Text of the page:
Egg rolls can be a challenging choice for those aiming for weight loss. While they are delicious and popular, they tend to be deep-fried and high in calories and fat. One regular-sized egg roll can contain around 200-250 calories and 10-15 grams of fat.
The calorie content can vary depending on the fillings and cooking methods. To make egg rolls more weight-loss-friendly, consider opting for healthier alternatives. You can try making baked egg rolls using whole wheat wrappers, adding plenty of vegetables as fillings, and using lean protein options like chicken or shrimp.
Additionally, watch your portion sizes and pair egg rolls with a side of fresh salad or steamed vegetables to create a balanced meal. Remember, moderation and mindful eating are key to successful weight loss.
Potential Downsides of Eating Egg Rolls
Egg rolls are tasty but may not be considered nutritious due to their sodium and saturated fat content. One egg roll (89 grams) contains 417 mg of sodium, which is 18% of the recommended daily intake.
The average sodium intake among Americans exceeds the recommended amount by 1,093 mg, increasing the risk of high blood pressure.
Additionally, egg rolls contain saturated fat, with one roll providing 9% of the daily value. Exceeding the recommended saturated fat intake may lead to conditions like coronary heart disease and diabetes. If managing blood sugar levels, it’s important to consider the carb content in egg rolls.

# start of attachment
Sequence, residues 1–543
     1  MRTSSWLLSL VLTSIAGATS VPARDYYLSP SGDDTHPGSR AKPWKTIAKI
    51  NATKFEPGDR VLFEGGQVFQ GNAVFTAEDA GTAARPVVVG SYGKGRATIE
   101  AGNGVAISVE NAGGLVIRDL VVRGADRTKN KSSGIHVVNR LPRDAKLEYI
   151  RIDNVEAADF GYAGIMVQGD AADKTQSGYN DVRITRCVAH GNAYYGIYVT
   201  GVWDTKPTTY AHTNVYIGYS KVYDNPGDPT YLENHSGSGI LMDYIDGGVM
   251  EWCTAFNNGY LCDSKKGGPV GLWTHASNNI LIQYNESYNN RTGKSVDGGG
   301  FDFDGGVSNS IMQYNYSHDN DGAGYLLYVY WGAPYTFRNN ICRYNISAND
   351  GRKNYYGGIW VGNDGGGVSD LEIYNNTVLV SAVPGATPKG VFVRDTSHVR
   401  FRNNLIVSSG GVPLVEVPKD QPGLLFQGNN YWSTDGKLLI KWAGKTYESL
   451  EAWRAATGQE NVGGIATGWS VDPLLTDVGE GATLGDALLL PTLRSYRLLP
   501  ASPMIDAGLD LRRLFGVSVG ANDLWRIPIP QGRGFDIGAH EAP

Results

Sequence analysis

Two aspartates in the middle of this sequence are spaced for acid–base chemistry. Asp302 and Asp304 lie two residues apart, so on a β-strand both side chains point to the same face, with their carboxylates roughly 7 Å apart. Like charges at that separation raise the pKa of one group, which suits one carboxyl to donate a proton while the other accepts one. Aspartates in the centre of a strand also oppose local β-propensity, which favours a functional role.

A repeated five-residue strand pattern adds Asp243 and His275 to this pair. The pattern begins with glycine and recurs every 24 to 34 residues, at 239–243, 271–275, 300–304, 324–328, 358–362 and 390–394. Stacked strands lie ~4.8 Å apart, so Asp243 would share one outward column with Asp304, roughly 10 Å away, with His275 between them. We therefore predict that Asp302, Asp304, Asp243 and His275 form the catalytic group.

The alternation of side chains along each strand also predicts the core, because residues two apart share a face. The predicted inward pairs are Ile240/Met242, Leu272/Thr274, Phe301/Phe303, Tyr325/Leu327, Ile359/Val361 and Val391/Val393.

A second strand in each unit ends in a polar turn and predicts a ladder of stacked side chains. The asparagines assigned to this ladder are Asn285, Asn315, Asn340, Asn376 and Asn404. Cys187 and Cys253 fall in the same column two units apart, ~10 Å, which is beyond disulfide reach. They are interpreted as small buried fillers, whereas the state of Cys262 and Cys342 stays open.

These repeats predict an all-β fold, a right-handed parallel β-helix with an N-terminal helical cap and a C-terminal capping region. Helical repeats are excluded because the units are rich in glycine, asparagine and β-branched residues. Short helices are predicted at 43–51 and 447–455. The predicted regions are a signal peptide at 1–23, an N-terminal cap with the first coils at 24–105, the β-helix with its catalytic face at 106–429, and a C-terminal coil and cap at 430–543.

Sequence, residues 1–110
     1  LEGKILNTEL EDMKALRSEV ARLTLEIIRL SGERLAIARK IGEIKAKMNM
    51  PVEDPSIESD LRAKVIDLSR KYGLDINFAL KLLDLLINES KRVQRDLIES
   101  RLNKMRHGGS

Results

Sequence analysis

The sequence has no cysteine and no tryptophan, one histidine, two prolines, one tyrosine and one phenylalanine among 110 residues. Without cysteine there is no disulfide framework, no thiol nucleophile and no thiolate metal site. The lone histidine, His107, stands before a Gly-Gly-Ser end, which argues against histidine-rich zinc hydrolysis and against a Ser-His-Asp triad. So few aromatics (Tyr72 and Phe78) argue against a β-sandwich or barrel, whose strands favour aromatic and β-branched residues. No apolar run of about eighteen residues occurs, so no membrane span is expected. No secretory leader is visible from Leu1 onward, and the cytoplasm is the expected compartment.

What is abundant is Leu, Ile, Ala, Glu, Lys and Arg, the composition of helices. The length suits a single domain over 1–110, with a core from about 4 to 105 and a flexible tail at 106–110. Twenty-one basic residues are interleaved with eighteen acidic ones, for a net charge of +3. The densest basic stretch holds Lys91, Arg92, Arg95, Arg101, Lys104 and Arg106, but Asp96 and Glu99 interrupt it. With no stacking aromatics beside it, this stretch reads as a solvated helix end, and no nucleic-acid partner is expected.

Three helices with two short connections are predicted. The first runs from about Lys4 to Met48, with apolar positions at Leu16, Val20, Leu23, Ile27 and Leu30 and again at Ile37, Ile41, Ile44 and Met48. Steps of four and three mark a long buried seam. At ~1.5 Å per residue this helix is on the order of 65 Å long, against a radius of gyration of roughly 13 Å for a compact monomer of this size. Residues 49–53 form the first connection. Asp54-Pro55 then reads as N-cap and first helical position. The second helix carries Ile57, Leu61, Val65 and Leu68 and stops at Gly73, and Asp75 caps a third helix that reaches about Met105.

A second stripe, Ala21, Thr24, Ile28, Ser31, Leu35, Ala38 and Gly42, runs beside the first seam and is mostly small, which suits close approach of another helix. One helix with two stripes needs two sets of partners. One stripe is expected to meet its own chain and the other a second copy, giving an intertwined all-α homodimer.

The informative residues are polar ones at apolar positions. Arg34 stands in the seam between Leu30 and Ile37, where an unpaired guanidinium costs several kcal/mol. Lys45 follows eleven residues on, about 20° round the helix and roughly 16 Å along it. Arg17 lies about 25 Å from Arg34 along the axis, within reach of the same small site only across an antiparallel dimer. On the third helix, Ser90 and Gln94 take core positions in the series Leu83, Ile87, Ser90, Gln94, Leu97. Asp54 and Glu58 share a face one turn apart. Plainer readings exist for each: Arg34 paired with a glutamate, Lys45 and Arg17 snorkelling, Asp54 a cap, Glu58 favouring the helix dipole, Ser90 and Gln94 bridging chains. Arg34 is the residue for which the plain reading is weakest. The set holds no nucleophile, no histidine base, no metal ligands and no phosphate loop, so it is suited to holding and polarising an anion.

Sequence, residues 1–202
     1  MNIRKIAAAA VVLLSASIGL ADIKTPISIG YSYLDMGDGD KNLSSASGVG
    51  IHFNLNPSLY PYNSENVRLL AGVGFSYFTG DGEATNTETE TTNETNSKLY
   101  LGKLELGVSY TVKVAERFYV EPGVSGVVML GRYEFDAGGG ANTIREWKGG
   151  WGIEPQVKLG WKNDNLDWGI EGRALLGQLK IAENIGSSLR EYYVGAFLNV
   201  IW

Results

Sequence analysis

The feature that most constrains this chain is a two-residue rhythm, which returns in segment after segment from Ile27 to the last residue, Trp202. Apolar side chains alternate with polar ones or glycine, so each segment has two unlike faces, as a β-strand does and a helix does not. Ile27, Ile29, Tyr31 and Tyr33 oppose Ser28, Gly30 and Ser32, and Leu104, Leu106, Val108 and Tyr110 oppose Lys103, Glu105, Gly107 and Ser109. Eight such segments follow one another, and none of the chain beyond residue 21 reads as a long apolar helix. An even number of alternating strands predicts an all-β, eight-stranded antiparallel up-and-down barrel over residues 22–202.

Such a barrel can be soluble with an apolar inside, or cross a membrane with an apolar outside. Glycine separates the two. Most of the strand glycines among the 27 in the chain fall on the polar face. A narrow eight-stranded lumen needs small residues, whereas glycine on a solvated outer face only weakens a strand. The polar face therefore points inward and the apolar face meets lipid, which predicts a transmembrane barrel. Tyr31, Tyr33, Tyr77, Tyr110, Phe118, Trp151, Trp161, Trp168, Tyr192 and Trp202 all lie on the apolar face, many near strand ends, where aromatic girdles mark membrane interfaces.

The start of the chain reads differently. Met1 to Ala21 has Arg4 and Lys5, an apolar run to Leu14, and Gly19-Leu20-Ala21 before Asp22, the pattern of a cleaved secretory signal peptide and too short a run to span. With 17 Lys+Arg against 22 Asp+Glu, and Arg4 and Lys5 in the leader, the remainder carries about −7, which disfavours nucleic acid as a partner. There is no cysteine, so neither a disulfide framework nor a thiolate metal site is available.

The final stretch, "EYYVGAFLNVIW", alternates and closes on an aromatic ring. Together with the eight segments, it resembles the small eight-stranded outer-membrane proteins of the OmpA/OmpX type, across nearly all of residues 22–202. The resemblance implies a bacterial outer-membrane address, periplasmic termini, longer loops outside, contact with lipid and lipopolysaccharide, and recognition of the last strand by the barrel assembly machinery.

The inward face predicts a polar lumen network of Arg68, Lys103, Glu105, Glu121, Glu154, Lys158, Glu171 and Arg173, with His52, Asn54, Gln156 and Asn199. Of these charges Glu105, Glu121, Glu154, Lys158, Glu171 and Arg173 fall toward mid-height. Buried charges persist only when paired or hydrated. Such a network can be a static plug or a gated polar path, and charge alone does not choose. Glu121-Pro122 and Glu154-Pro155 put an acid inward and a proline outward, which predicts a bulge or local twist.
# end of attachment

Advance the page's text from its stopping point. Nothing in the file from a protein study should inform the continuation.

Choosing a More Health-Promoting Egg Roll
While egg rolls may not be the most nutrient-dense snacks, it doesn’t necessarily mean you have to eliminate them from your diet, especially if they hold sentimental value or are a favorite. Moderation is key.
One option is to make your own egg rolls instead of buying pre-made ones from restaurants or grocery stores. This allows you to customize the thickness of the wrapper and choose the ingredients and seasonings to suit your preferences, including lean proteins or seafood.
To reduce oil and fat consumption, consider baking the egg rolls instead of deep-frying them, although the texture and appearance of the wrapper may differ.
Making your own egg rolls also gives you the freedom to decide whether to serve them with a dipping sauce and the type of sauce to use. Be mindful of high-calorie, sugary, salty, fatty, and artificially flavored options, and explore healthier alternatives.
Egg roll wraps are thin strips of dough used to encase the fillings of egg rolls. While egg rolls themselves can be high in calories due to frying, egg roll wrappers are low in calories and fat. This makes them suitable for inclusion in a healthy, low-calorie diet plan.
Tai Pei Veggie Egg Rolls have the following nutritional composition per roll: 19g total carbs, 17g net carbs, 7g fat, 4g protein, and 160 calories.
An egg roll is a fried appetizer commonly seen on Chinese-American restaurant menus. It features a crispy wheat flour skin filled with shredded cabbage, pork, and various ingredients. The egg rolls are fried in hot oil, served warm, and typically enjoyed with duck sauce or soy sauce.